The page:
0.229-5.573

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Asia Pacific Journal of Multidisciplinary Research, Vol. 3, No. 2, May 2015 _______________________________________________________________________________________________________________ Table 2: Association between strenuous physical activity and the outcomes.

Variable

%

Preterm births % p

LBW births % p

18 82

35.71 3.1

0.000

53.3 0.000 6

7.1 31.25

0.055

46 54

11.11 7.7

0.541

22.8 0.099 9.3

11.11 40.47

0.004

Lifting objects Yes No

44 56

20 -

0.002

27.77 0.005 4.76

11.42 39.53

0.005

Occupation Yes No

23 77

27.7 3.39

0.001

38.8 0.002 8.33

11.76 31.14

0.111

Climbing Stairs Yes No Walking (For purpose) (4
An additional analysis was done to determine whether certain physical activities, which are considered as strenuous in pregnancy, are correlated with the birth outcomes. Climbing stairs, walking for transportation more than 4 days per week and lifting weights more than six kilograms either at home or at employment were the activity domains tested. In addition, the relation of occupation was also assessed. These activities were found to be associated with unfavourable birth outcomes in terms of gestational age, infant birth weight and labor pain. DISCUSSION The aim of this study was to identify the association between maternal physical activity during pregnancy and birth outcomes in Sri Lankan women. Gestational age and infant birth weight were the main outcomes of focus. Influence of prenatal physical activity on labor pain, length of labor and mode of delivery were also studied. All the participants were reckoned either into moderately or mildly active groups according to the MET values used in measuring physical activity level. Of them 60% (n=47) were moderately active by the time of the first pregnancy interview. Generally, almost all participants engaged in similar activities in housekeeping activity domain, with varying durations and frequencies. Engaging in exercises was rare. Walking was the most preferred recreational activity, yet infrequent (11%, n=9). Some women reported stair climbing, frequent lifting, walking for transportation

Emergency Cesareans % p

and activities related to child care. Sixteen percent (n=13) of women continued their occupation late into gestation. By the time of the second pregnancy interview the figure was practically identical, with an inconsiderable diminution in outdoor activities and walking. Incidence of preterm birth was 9% corresponding to a total number of seven. There appeared no significant relation(p=0. 149), between preterm births and the maternal physical activity characteristics considered. This finding is generally consistent with a considerable number of studies in literature [16]-[21]. The findings of the present study further agree with a systematic analysis of 3,313 articles, in which the overall findings have indicated no apparent association between maternal physical activity and gestational age of their offspring [22]. These results are inconsistent with the findings of some studies where either a protective or an adverse relationship between vigorous physical activity and preterm births has been found. Yet, these studies have addressed solely one type of physical activity instead of assessing physical activity as a whole [15], [23]-[25]. The Odds on gestational age showed two folds greater risk, which was not scientifically significant, in the moderate group. It is assumed that the relatively small number of preterm births in both groups might have resulted in these excess odds. More importantly, it is worth to note a considerable proportion of women gave birth to premature infants around completed 224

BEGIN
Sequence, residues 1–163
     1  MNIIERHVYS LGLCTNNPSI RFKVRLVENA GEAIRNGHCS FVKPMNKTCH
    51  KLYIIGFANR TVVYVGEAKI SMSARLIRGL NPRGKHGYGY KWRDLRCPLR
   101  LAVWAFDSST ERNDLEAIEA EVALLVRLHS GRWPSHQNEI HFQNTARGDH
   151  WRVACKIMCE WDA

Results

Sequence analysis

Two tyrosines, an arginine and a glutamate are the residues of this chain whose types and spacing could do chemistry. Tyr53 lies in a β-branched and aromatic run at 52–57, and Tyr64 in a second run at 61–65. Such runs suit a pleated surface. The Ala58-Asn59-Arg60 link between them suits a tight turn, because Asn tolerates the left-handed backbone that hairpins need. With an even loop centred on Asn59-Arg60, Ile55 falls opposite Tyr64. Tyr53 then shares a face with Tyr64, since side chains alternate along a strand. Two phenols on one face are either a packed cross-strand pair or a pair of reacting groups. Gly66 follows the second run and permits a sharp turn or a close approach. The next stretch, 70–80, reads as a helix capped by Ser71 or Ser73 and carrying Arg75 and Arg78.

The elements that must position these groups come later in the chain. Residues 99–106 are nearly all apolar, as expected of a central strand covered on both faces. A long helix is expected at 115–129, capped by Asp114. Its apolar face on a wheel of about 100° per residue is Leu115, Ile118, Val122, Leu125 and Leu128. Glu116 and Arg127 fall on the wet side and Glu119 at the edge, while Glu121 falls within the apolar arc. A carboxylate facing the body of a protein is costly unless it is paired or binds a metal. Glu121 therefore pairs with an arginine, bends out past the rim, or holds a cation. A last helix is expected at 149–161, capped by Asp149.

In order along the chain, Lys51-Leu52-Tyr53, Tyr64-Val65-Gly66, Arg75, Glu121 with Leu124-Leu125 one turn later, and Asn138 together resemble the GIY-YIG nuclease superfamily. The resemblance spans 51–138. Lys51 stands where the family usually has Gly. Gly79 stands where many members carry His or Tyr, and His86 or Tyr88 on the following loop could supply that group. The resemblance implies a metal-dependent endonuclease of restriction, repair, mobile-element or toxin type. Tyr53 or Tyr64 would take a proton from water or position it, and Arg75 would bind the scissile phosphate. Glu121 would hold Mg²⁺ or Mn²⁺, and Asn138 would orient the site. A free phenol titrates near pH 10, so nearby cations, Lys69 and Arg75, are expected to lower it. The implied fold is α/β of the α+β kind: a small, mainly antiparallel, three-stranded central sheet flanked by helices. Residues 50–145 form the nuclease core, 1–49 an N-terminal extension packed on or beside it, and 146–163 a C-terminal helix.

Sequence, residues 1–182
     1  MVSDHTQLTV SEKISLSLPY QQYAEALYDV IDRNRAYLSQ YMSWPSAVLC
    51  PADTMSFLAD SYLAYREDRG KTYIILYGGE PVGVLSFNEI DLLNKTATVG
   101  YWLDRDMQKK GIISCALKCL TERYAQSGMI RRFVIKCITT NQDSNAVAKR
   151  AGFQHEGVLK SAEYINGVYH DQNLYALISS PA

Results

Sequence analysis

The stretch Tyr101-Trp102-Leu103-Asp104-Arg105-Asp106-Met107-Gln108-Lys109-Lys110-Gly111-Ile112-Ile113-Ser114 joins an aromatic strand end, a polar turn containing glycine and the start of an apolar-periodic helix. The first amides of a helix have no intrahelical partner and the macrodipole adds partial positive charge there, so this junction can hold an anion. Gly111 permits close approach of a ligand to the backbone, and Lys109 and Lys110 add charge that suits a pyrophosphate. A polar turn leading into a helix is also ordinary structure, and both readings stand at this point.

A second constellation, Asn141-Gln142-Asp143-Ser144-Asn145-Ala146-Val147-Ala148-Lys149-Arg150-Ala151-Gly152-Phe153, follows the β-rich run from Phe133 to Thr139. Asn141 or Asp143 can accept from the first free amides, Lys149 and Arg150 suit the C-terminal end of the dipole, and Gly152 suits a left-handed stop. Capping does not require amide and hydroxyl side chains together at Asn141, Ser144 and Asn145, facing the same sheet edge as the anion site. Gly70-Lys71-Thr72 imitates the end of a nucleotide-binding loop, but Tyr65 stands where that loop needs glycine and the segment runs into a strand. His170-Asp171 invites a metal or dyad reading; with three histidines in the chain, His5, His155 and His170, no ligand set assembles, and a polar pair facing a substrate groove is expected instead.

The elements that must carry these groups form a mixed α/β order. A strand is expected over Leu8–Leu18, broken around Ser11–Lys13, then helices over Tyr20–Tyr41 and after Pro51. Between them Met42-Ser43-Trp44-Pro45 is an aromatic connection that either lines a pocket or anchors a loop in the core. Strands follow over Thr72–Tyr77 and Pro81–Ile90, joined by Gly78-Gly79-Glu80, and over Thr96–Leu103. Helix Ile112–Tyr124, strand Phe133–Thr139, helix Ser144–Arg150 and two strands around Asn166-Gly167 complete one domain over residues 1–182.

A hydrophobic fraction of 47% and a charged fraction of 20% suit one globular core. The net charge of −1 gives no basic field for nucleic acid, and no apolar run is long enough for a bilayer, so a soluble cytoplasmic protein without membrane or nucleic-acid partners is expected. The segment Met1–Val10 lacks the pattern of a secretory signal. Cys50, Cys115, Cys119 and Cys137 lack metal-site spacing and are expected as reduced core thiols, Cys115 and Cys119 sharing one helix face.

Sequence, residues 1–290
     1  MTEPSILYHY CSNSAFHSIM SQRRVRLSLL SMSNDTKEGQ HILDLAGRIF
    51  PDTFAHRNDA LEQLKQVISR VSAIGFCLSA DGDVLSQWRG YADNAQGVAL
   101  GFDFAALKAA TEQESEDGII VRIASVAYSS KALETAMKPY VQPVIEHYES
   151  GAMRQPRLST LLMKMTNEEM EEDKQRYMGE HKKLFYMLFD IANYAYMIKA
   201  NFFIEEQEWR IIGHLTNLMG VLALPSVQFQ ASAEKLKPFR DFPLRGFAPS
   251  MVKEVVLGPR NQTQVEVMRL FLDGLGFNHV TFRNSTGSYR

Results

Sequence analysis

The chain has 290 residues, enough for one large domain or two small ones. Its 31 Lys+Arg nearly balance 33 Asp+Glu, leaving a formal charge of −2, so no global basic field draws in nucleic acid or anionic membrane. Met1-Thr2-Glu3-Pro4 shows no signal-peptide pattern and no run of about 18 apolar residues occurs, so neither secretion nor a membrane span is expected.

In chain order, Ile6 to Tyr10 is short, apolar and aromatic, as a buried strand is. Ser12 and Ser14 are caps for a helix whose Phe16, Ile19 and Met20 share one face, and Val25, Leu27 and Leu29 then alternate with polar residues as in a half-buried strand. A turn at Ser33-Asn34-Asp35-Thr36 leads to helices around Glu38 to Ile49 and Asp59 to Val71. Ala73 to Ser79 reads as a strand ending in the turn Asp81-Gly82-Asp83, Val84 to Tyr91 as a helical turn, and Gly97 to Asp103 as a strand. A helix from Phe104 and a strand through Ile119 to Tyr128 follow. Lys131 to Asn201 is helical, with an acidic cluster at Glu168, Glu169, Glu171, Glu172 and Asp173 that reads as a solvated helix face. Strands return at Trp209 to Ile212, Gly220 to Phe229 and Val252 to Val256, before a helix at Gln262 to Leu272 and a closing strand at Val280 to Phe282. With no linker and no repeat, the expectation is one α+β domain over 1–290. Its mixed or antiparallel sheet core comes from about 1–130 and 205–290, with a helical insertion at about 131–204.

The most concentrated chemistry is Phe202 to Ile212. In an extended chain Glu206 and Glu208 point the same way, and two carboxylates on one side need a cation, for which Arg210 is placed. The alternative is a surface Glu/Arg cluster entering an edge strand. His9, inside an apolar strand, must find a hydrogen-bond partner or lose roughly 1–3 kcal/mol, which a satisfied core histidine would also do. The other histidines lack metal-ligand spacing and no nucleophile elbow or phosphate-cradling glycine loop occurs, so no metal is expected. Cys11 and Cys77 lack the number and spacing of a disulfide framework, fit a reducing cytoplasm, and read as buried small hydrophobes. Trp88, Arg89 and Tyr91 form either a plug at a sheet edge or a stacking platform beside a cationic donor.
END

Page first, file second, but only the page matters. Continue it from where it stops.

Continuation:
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Asia Pacific Journal of Multidisciplinary Research, Vol. 3, No. 2, May 2015 _______________________________________________________________________________________________________________ days of gestation. Since the current study particularly focused on physical activities during last trimester, this proportion could not be adequately interviewed and had to be excluded from the final analysis. The additional analysis showed significant influences of stair climbing, lifting weights and employment late into gestation on the gestational age. Infant birth weight and labor pain also did not indicate a scientific relation with the physical activity level during pregnancy. Both of these outcomes were seemed to have in higher odds among the mildly active group. Low birth weight incidence was moderately low (15.4%) in the current study population as it was seen with preterm births. Birth weight averaged at 2.98 kg. The highest mean birth weight was observed to be in the infants of moderately active women. The findings of the present study extends the findings of a number of studies [17], [19][22], [26]-[29] yet identifies controversies and conflicting findings with a handful of earlier studies [5], [16], [30], [31]. Three types of physical activities in particular seemed to pose a negative effect on the birth weight. Likewise, stair climbing, lifting heavy weights and occupation in late pregnancy were observed as hazardous. Of these, impact of stair climbing was seen to be almost identical to its effect on the duration of gestation. Effects of repetitive lifting of heavy weights and employment were comparatively lesser on neonatal weight at birth than their effects on gestational age. The Pain Analogue Visual Scale score in the majority (80%, n=46) was more than seven. As for the Odds the highest possibility of experiencing a severe pain was observed among mildly active women (p=0.732, OR = 1.29). Nevertheless, there appeared no significant relation between physical activity level and the perceived pain at delivery which averaged at 8.321 in this study population. Prenatal physical activity level was significantly related to the mode of delivery (p = 0.015). Mothers who were mildly active were discovered to have three folds greater odds compared with the moderately active women. Twenty seven percent of women had emergency caesarean deliveries. Of them nearly two thirds (n=13, 62%) were mildly active during gestation. This is in agreement with the findings of several studies [24], [29], [32]. In the current study population, the duration of labor did not exhibit a significant difference with respect to the maternal physical activity level during pregnancy. This is equivalent to the findings of some earlier studies [17], [20], [33] where no convincing